The Secret to Dealing with Sales Candidates Who Talk too Much During Interviews
I had a candidate in my earlier years that loved to talk. At the time, I thought perhaps he just loved to talk to ME. I considered myself to be a pretty good listener so I figured he would cut down his answers in the proceeding interviews.
Well, despite my warnings about being careful not to “hog all the air time”...he wasn’t able to apply the feedback when he met with my client.
My client, the VP of Sales from a software company, let me know he gave obvious visual ques during the meeting—he kept looking at his watch, and even got bold and yawned at one point.
But my candidate didn’t get the hint. He didn’t pick up on the gestures.
When he called me after the interview he said he thought the interview went really well.
I find today’s sales candidates have evolved. They are better than they were ten years ago. Most salespeople don’t consider the ability to talk a “sales gift.”
They tend to listen more and make continuous efforts to understand clients’ needs.
Occasionally, you’ll run into a candidate here and there who’ll be a bit loquacious. How do you handle it?
Set the Agenda-- Let the candidate know how much time you have for the meeting and the number of questions you have to get through. Sometimes this is the only direction they need and they’ll quickly become more precise.
Interrupt—In everyday communication, interrupting is considered rude. So some people have a hard time doing it, but when you’re interviewing, sometimes it’s important to move through questions quickly. Interrupting is a good way to do this. Besides, strong listeners allow others to interrupt them, and good candidates are happy to move on to additional questions.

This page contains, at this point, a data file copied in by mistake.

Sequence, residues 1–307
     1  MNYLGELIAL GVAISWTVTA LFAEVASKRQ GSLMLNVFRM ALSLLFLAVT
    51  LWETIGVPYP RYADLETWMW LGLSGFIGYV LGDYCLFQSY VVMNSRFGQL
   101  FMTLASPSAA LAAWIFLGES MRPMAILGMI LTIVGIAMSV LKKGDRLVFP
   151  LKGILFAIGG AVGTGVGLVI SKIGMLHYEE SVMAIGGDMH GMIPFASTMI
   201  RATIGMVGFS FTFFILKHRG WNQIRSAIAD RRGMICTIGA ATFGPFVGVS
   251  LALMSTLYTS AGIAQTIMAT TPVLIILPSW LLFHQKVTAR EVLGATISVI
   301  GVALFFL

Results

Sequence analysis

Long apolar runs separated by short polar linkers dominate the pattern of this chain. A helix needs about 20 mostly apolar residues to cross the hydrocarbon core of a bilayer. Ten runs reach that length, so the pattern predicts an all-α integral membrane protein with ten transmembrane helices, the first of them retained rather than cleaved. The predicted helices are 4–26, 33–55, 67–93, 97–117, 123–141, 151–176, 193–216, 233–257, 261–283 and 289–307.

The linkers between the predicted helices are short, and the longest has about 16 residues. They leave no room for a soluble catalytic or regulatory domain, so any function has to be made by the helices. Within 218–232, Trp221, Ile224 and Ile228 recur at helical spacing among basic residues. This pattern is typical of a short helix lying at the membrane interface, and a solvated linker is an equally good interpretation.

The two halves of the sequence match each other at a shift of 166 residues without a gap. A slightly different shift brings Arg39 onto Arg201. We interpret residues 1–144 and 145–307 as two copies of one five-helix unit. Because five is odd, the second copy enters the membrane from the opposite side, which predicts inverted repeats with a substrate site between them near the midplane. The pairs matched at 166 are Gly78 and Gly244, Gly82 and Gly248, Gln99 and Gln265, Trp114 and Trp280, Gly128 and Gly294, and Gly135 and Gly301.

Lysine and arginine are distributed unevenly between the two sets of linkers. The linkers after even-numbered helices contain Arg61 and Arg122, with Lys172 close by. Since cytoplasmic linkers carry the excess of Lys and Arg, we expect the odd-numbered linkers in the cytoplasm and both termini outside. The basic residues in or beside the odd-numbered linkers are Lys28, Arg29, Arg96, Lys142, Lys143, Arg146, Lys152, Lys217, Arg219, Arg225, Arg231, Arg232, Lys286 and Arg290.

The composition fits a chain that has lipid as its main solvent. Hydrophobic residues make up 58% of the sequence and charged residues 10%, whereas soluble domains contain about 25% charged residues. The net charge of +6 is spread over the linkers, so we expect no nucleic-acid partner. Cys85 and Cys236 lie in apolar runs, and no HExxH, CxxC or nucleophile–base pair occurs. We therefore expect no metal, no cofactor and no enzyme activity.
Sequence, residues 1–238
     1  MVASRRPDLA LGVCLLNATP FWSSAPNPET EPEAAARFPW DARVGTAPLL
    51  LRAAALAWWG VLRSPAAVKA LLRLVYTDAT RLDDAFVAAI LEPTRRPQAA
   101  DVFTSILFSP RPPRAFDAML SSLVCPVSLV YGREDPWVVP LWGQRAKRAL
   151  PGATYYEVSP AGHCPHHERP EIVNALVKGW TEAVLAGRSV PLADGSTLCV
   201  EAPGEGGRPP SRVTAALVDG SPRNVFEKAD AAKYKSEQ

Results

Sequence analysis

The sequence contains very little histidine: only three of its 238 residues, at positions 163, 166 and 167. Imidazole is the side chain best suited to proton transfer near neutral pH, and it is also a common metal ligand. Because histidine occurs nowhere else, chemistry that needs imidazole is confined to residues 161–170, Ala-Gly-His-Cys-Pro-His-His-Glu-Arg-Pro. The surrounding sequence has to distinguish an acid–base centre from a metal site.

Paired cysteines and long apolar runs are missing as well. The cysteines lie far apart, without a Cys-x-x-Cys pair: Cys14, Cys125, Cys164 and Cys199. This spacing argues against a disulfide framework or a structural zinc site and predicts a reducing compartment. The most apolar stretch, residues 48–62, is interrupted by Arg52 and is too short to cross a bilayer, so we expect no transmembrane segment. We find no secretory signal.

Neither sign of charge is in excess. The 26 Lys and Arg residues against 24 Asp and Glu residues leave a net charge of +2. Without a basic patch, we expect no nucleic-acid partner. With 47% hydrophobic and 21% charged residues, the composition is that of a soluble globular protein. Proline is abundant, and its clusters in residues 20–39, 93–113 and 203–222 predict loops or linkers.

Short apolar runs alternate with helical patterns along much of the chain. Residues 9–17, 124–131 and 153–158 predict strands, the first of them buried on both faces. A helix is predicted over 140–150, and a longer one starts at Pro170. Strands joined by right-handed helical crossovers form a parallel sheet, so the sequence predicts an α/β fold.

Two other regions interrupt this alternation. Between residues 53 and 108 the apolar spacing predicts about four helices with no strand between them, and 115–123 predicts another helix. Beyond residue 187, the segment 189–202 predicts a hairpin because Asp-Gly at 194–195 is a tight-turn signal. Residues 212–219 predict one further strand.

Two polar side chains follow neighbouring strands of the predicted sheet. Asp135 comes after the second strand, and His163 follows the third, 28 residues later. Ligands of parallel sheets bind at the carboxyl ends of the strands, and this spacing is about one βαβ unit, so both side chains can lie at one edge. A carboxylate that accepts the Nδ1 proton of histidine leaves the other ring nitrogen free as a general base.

Be Direct—If the long-winded answers continue, it’s time to be candid. “John, we only have an hour and I have a lot of questions to get through, please keep your replies as concise as possible. If I’d like more detail around a particular question or situation, I’ll let you know. Otherwise, we need to pick up the pace.”
Not all long winded candidates are bad salespeople. Sometimes candidates will lengthen answers to simple interview questions in an attempt to develop a relationship and build rapport. But if you’re not careful, too many calls over your allotted time, and you’ll notice you’re leaving meetings without the requisite information and a chunk of your day is gone forever that you’ll never get back.
When you manage the interview process up front and take control of your time with candidates, you’ll be less likely to overlook strong hires because of a mismatch in communication styles.
Those candidates who can take direction and follow your lead are likely to be highly adaptable and could potentially be your next top sales hire! If they can’t take the direction and continue to talk, it might be time to cut the interview short and move on to other applicants.